Most importantly it has been demonstrated that benefits from cognitive training can extend for as long as 10 years! Those who stimulate their brains through formal training or structured cognitive activities tend to be better off cognitively during the aging process than those who don’t have mental stimulation. So, next time you hear a Mason tell you that the Craft keeps him young and the ritual training sharp you better take it seriously.
The brain scans even showed that very modest amounts of training can produce effects that are very long lasting. It also suggested that cognitive training may translate to benefits in the tasks of daily life necessary for independent living, such as balancing a checkbook or going grocery shopping. Even more interesting, is the long term effect brain training and memory work seems to have on physical tasks. Ten years after the study they were asked to assess their ability to undertake physical tasks (rise from a chair or transfer from a bed) and the group that had undergone memory training reported far better results. It seems that what is good for the brain is also good for the body.
“Could you perform the address to the Master at the installation?”
But there is more. It turns out that small bursts of refresher training is very powerful. Previous studies hadn’t examined what impact booster training sessions would have, but the active study suggests such sessions can be invaluable. About one-half of the subjects who received the initial training were randomly selected for supplementary training after one year and again after three years, and the patients in this group showed additional benefits after 10 years over those who had received only the initial intervention.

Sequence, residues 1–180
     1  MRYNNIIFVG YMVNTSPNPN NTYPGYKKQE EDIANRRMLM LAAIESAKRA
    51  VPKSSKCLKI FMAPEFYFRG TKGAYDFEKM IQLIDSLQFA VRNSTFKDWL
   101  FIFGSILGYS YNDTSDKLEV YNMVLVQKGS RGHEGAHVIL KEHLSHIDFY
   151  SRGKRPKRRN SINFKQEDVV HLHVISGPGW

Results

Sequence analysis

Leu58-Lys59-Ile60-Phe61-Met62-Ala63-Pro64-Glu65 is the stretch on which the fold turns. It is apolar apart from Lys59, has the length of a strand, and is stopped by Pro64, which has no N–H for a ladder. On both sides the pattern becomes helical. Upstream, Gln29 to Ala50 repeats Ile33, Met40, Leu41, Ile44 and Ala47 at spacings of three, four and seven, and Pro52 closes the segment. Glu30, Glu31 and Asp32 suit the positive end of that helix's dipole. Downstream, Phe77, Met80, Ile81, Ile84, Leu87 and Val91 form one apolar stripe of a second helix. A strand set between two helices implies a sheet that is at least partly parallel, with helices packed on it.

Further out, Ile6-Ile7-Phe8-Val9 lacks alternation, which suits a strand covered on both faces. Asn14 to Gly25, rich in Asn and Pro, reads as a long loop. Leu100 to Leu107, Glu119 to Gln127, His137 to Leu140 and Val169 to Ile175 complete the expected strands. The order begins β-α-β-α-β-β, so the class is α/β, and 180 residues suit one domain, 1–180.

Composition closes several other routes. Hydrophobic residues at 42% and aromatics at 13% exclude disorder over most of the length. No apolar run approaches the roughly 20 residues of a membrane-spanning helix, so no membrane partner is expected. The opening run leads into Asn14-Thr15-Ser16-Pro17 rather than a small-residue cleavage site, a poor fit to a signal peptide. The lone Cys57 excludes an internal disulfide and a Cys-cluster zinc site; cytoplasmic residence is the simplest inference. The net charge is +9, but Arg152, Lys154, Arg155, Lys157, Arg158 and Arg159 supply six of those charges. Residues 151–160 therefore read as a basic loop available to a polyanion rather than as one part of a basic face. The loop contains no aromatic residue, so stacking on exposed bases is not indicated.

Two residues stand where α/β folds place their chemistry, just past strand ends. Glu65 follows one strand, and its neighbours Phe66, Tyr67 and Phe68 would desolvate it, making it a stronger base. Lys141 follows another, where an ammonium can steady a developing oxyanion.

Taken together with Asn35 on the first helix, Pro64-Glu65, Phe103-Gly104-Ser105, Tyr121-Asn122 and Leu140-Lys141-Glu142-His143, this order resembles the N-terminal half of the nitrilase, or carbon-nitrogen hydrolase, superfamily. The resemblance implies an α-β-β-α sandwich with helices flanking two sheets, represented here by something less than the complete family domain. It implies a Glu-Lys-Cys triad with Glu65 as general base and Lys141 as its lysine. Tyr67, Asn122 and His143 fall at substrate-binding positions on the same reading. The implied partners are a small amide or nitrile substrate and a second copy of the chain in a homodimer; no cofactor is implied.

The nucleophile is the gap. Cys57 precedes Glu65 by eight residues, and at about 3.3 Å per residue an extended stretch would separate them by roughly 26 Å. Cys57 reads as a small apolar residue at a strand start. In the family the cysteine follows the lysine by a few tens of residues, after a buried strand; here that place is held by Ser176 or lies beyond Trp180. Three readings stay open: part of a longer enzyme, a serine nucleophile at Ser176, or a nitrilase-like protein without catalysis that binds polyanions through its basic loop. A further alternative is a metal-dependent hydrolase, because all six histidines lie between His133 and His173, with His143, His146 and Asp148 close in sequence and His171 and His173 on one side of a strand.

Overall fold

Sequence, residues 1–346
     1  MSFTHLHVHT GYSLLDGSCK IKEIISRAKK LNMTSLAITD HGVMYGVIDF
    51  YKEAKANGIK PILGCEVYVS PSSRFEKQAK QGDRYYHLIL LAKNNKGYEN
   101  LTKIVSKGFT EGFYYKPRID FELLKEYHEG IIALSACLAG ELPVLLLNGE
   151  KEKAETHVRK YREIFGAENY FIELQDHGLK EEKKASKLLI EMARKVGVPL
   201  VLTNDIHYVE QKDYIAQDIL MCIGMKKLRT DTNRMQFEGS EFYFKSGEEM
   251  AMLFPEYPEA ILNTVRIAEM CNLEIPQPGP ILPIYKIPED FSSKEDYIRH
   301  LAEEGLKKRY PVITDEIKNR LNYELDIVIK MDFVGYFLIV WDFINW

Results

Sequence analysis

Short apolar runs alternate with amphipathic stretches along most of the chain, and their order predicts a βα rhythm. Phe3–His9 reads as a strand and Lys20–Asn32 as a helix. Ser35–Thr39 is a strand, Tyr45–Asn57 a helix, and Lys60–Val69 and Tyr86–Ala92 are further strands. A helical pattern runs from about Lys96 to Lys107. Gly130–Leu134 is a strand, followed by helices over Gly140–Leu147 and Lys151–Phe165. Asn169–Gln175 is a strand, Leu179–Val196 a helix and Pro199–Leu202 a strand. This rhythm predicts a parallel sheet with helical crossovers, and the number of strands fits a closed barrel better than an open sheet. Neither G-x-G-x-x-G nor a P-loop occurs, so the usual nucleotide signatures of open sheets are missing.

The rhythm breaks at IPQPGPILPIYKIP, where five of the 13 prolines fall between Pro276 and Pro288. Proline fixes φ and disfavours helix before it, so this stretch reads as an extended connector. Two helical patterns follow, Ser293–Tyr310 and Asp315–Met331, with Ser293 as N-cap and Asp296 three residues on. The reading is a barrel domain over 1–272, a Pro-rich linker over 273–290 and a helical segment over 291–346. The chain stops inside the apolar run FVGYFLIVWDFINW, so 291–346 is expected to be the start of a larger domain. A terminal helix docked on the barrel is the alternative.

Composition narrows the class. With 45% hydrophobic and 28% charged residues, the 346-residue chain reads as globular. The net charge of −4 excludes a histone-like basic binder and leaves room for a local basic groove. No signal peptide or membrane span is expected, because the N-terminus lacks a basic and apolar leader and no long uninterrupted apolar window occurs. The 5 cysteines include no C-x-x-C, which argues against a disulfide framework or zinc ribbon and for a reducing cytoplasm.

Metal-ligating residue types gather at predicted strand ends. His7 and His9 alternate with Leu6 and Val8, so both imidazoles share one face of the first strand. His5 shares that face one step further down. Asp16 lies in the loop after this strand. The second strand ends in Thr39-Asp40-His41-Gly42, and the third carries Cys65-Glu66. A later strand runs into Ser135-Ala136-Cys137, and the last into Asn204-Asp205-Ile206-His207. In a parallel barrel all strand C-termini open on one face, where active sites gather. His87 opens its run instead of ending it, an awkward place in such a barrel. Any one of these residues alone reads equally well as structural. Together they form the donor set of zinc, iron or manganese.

So there you have it. Those old Past Masters were right, Masonic ritual is good for the memory and can keep you young. So now we have to ask ourselves. What else are they saying that we really should be listening to?
Click here to buy Martin’s book on the subject and learn more about the history of Masonic Ritual and Memorisation.
To see his displays of memory (including memorizing a whole pack of cards) and hear talks on the subject click here.
 Dresler, Martin et al. “Mnemonic Training Reshapes Brain Networks to Support Superior Memory.” Neuron vol. 93,5 (2017).
 de Lange, Ann-Marie Glasø et al. “The effects of memory training on behavioral and microstructural plasticity in young and older adults.” Human Brain Mapping vol. 38,11 (2017).
 Rebok, George W et al. “Ten-year effects of the advanced cognitive training for independent and vital elderly cognitive training trial on cognition and everyday functioning in older adults.” Journal of the American Geriatrics Society vol. 62,1 (2014).